I would say that there are three things that I love about social media marketing:  (1) I have “met” literally thousands of people through my engagements on Google+, Twitter, LinkedIn and Facebook.  I’ve had the most interesting and engaging conversations on Google+.  These engagements have led to online friendships with people all over the world and we have meaningful and intense conversations about issues of importance.

(2) I love to push the “publish” button on a new blog post and wait to see the reaction from fellow attorneys, social media marketers, prospective clients and random people.

When hundreds of others are sharing your original content on their feeds and adding their own commentary, it’s a great feeling.  It gives you confidence in what you do and makes you feel accomplished.  The internet is an absolutely huge place.  So, when a comment is published on a blog post by a complete stranger, it is the ultimate compliment as they searched the internet and landed on your page because you wrote something relevant and they stayed to comment on how it assisted them or to ask a follow-up question.

(3) I have learned a ton about other areas of law and criminal and personal injury law (the areas I practice) simply by reading the blog posts of fellow attorneys.  I have also learned so much about online marketing both from other lawyers and seeing how they market their practice and from the expert marketers that I follow and engage with.

Closing Thoughts

At the conclusion of our interview, I asked Brian what piece of advice would he give to other aspiring lawyers utilizing social media to market their practice:

I would give an aspiring lawyer the same advice I try to give myself every day when it comes to social media:  Find a balance.  The practice of law is an intense, time-consuming and stressful profession.  Social media marketing requires daily activity.  You only become busy by bringing clients in the door and you must market yourself online to bring in clients.

The problem, and it can be viewed as a good problem to have, is that when you have a lot of clients and work but you also want to continue to market yourself online, you need to find a balance between your work and your social media marketing.  I’ve heard other attorneys suggest carving out a certain time of day to tend to your social media channels.  My problem with that philosophy is that I follow many of the same lawyers and others across multiple channels and I don’t think they want to suddenly see all of their social streams get filled with my tweets, retweets, Google+ posts, +1s, shares, LinkedIn and Facebook posts, etc. all at the same time when some of the information may be duplicitous.  So, I think an attorney needs to find a few times a day when they want to get away from their work to post to their social media channels.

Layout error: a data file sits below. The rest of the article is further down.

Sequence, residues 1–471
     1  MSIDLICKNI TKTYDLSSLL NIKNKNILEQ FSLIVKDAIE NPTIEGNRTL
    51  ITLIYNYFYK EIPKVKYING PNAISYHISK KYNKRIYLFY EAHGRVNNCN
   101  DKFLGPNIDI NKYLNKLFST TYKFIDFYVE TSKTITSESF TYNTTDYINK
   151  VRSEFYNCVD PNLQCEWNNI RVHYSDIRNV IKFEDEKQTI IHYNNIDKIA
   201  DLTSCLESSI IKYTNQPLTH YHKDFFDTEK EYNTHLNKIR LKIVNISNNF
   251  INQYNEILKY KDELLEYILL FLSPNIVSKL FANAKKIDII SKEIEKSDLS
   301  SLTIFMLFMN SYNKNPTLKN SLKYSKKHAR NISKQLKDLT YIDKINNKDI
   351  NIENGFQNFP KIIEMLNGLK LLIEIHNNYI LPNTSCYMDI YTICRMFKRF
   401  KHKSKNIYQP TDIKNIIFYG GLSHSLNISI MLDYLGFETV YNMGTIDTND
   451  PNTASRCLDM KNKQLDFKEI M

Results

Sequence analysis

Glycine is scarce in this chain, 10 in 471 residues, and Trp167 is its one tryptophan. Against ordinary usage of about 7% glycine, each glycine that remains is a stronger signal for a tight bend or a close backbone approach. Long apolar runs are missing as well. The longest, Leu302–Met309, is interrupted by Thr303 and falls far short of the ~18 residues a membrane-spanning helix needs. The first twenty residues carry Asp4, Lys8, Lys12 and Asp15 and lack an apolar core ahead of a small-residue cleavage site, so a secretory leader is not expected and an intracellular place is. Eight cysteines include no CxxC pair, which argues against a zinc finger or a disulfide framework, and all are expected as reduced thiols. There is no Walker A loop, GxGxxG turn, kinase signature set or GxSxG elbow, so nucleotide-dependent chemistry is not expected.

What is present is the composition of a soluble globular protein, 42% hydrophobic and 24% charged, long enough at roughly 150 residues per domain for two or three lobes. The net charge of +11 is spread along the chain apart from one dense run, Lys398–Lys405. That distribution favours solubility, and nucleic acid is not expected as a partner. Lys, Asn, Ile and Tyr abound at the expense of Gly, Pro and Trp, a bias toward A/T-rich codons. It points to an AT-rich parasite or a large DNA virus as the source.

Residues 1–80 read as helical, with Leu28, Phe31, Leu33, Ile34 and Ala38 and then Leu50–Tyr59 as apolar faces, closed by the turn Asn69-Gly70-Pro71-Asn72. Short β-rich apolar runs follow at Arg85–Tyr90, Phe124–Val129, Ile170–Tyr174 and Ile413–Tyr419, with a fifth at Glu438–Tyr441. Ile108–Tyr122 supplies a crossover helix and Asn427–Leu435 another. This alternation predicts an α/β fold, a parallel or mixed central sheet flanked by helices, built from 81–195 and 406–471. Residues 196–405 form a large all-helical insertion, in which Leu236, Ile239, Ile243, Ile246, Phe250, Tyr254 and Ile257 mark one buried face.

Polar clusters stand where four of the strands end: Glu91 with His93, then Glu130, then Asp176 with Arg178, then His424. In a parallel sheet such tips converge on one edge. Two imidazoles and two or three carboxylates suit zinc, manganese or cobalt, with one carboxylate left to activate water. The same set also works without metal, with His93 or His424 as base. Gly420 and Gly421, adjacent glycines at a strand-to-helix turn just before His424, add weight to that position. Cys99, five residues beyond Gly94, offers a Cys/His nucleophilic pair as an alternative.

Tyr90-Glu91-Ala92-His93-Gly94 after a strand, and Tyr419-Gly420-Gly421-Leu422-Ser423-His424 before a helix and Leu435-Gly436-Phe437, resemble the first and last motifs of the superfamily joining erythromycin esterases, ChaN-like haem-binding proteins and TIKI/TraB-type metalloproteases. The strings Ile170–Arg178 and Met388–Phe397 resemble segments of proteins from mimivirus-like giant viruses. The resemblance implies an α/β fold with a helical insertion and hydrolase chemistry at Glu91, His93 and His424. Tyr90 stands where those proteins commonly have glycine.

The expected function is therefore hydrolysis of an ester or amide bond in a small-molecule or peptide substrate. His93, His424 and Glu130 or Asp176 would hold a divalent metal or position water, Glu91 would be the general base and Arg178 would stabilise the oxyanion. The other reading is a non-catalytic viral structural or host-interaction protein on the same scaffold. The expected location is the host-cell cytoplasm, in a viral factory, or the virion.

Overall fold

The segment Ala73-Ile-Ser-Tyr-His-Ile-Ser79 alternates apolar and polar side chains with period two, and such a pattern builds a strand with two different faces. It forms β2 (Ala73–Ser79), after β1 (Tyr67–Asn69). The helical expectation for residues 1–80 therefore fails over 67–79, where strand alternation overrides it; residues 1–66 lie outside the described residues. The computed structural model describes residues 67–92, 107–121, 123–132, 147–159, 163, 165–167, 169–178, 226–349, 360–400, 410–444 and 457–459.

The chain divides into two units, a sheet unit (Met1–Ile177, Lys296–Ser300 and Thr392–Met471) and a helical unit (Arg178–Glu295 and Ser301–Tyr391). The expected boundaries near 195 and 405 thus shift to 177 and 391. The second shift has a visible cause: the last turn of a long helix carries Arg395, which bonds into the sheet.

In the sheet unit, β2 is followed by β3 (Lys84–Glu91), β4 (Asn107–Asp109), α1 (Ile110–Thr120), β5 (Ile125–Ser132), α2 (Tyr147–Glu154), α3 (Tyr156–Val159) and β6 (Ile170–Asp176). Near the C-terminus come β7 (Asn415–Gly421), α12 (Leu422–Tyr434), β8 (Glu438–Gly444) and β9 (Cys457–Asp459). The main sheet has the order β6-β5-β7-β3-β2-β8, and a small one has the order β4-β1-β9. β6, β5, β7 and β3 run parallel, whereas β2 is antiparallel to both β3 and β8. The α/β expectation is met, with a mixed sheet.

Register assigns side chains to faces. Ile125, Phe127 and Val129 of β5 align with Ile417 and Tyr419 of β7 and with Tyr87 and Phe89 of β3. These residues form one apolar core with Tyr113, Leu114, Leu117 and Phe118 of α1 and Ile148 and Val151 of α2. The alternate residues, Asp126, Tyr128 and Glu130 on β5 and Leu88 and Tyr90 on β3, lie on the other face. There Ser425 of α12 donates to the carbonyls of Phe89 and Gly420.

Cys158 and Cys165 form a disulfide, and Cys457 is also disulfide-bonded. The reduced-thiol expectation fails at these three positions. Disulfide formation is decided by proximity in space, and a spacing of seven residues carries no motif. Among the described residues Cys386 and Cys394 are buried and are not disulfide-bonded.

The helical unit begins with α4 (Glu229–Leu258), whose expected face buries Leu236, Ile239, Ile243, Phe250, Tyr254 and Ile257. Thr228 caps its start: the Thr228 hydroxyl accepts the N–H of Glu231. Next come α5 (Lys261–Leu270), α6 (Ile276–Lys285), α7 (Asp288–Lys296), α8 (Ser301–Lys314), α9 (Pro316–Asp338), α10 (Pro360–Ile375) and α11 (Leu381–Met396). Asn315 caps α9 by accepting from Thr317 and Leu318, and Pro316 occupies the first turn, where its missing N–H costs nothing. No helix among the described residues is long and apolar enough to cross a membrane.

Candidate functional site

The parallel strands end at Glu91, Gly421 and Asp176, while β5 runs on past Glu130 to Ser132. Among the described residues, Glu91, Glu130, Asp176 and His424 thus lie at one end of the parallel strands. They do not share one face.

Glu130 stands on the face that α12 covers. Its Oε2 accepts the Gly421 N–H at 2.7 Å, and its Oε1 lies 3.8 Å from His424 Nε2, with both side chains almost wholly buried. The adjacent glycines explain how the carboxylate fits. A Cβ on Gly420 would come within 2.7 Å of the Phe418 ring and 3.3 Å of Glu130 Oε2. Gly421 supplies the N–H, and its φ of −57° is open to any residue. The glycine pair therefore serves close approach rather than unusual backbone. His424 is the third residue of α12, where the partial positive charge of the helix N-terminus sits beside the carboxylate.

But, as we all know, social media can be addictive and engaging and a 15 minute break to post a few items, like others’ content, etc. can lead to two hours on Facebook or Google+ if you’re not careful.  So, an attorney has to place limits on social media marketing so it doesn’t become all-consuming and they completely lose track of time.

I try to use the following times to engage:  The morning and evening commute, while I’m in court from my smartphone if I’m waiting for my case to be called, during lunch if I’m sitting at my desk, during that afternoon lull when you feel you wouldn’t be productive if working anyway, the weekends.  But, keep a balance between work, social medial marketing, family and your personal physical and mental health.

Don’t let social media marketing become so consuming that you can’t walk away from your computer (or smartphone) screen.  Now, I just need to follow my own advice and find balance.

About Brian Fishman

Brian M. Fishman, Esquire is a criminal defense and personal injury attorney in Philadelphia and surrounding region.  Mr. Fishman represents individuals charged with any criminal offense from possession of marijuana, underage drinking and DUI to possession with intent to deliver, gunpoint robbery and everything in between.

He has been in private practice for over 8 years where he has tried hundreds of cases.  Prior to going into private practice, Mr. Fishman was an Assistant District Attorney in the Philadelphia District Attorney’s Office where he prosecuted thousands of cases including over 20 jury trials on charges including rape, robbery, burglary, attempted murder, aggravated assault and firearm offenses.

He prides himself on strong communication skills inside and outside the courtroom.  He has been twice (2010 and 2013) named a Pennsylvania Superlawyers Rising Star.

Recent Publications: Possession With Intent to Deliver in Pennsylvania  | DUI Law in Pennsylvania